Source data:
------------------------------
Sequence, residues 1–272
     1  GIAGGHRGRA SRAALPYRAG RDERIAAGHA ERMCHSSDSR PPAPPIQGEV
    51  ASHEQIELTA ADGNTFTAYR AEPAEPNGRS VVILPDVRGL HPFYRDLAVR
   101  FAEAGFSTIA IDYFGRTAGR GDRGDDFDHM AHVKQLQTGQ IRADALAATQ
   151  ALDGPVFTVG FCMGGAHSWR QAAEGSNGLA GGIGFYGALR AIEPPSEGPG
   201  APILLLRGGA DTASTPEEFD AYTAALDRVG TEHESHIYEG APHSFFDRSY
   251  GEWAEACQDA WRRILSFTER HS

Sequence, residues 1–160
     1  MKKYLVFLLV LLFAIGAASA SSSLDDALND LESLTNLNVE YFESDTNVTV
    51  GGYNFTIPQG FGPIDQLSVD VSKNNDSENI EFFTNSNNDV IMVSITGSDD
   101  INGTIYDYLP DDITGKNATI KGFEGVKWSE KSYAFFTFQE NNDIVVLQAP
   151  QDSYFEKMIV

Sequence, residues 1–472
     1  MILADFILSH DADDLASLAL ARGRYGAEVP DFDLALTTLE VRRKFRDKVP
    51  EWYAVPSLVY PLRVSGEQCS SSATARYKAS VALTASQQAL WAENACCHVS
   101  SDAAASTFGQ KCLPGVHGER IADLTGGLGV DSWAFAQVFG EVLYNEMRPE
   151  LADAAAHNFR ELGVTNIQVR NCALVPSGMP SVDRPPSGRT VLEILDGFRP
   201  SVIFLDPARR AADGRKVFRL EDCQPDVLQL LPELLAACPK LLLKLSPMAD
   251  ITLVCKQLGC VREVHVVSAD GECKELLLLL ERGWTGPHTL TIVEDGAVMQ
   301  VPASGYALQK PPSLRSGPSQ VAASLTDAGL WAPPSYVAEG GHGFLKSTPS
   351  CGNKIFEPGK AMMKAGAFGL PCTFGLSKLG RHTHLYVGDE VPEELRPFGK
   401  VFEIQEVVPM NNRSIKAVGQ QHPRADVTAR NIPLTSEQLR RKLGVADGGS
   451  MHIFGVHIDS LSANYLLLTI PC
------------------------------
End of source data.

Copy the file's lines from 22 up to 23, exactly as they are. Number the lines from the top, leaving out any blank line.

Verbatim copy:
   401  VFEIQEVVPM NNRSIKAVGQ QHPRADVTAR NIPLTSEQLR RKLGVADGGS
   451  MHIFGVHIDS LSANYLLLTI PC